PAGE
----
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August 2012
Negotiating Fair Compensation... Even in This Economy!
by Susan Reynolds

So let's start with a positive perspective: you WILL find an appropriate career opportunity (IF you're using good job search strategy!) You WILL have a chance to assure that you're being fairly compensated in anticipation of doing a great job (IF you're using good job search strategy!)

There, with those positive but contingent perspectives, just exactly how shall you make this happen? First, you'll note the contingency: IF you're using good job search strategy! Those of you who have been reading these articles for a period of time will notice the emphatic theme. If you want a positive career opportunity, you've got to work strategically to cause that to happen. Hoping for blind luck in just bopping around the Internet job boards seems tempting, but has an extremely low likelihood of success. Pressing the "send key" is NOT good job search strategy!

So your hard work has led to an opportunity. Here are a couple reliable hints to make sure you receive a strong financial offer in spite of the struggling economy. For one thing, remember that employers most always want to make the best hiring choices. Good managers know that it costs a lot to recruit, on-board, and properly train a new contributor to their company. GOOD hiring managers don't necessarily want the cheapest worker, they want the best worker: one who will stay with their organization long term with high value. While it might seem that the current market lets employers get help "cheap", most employers are in fact quite concerned that they hire the best qualified person at a fair price.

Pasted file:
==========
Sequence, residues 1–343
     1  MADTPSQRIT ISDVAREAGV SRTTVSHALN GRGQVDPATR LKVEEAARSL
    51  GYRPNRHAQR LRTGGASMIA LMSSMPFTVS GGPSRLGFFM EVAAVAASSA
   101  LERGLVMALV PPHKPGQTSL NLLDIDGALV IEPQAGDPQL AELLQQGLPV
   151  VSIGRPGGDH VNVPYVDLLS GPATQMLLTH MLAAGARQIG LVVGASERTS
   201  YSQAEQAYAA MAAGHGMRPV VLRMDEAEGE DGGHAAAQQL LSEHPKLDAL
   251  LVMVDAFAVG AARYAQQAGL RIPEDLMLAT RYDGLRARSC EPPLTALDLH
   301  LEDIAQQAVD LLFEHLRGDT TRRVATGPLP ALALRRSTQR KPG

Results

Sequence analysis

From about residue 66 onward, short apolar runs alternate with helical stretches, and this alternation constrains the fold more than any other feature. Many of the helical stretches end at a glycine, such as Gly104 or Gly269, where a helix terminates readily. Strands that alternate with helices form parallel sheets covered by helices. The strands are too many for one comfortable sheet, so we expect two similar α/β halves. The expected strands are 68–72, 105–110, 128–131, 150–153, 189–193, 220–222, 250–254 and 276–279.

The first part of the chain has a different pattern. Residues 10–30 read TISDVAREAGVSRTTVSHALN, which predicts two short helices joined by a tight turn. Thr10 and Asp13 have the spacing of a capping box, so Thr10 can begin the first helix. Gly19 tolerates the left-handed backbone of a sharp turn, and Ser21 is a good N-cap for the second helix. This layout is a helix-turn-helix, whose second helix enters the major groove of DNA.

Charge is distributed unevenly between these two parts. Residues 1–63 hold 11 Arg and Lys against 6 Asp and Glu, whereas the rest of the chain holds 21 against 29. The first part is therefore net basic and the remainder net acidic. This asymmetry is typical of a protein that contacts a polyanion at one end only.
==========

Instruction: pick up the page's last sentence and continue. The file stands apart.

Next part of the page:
So start, if AT ALL possible, by not sharing your most recent compensation with your prospective employer. Yes, they might ask; they'll probably ask... but keep private information private. Instead, know the range of appropriate average compensation for the position for which you are a candidate. So rather than being judged by your prior compensation, and possibly being either eliminated or offered sub-standard wages, be offered the fair market price!

Secondly, be ready to react professionally to an offer that doesn't meet your expectations. I recently helped a gentleman to negotiate thousands of additional dollars AND a strong benefits package by giving him the foundation from which to "push back". While it all seems quite risky, the actual hiring decision-maker was quite willing to provide more generous compensation than originally offered. It just took some professional and respectful discussion!

Susan Reynolds is a senior partner at NewMarket Careers in Santa Clarita, a job search, career strategy, and resume-writing firm geared toward managerial, executive, and senior level professional careers. She can be reached at sreynolds@newmarketcareers.com or 661-755-3308.

Other Job and Career Success Related Articles:
People Are Still Getting Jobs... Are You?

Save the Interview, Save the Job!

You're Overqualified, So Unemployed!

What, No Interviews?

 


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